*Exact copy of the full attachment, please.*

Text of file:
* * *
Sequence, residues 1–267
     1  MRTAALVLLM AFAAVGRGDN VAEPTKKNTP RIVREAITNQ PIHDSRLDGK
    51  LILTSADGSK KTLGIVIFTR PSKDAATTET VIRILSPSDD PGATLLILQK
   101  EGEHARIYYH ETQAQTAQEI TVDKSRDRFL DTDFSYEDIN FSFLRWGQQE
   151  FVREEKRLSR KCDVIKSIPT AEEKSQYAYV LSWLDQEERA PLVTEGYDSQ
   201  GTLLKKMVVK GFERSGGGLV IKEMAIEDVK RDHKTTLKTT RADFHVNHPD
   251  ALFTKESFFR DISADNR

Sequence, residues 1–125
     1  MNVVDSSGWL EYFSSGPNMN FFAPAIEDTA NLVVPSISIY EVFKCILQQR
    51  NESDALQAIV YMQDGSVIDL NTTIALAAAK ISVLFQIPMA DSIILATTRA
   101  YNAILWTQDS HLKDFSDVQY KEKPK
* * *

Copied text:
Sequence, residues 1–267
     1  MRTAALVLLM AFAAVGRGDN VAEPTKKNTP RIVREAITNQ PIHDSRLDGK
    51  LILTSADGSK KTLGIVIFTR PSKDAATTET VIRILSPSDD PGATLLILQK
   101  EGEHARIYYH ETQAQTAQEI TVDKSRDRFL DTDFSYEDIN FSFLRWGQQE
   151  FVREEKRLSR KCDVIKSIPT AEEKSQYAYV LSWLDQEERA PLVTEGYDSQ
   201  GTLLKKMVVK GFERSGGGLV IKEMAIEDVK RDHKTTLKTT RADFHVNHPD
   251  ALFTKESFFR DISADNR

Sequence, residues 1–125
     1  MNVVDSSGWL EYFSSGPNMN FFAPAIEDTA NLVVPSISIY EVFKCILQQR
    51  NESDALQAIV YMQDGSVIDL NTTIALAAAK ISVLFQIPMA DSIILATTRA
   101  YNAILWTQDS HLKDFSDVQY KEKPK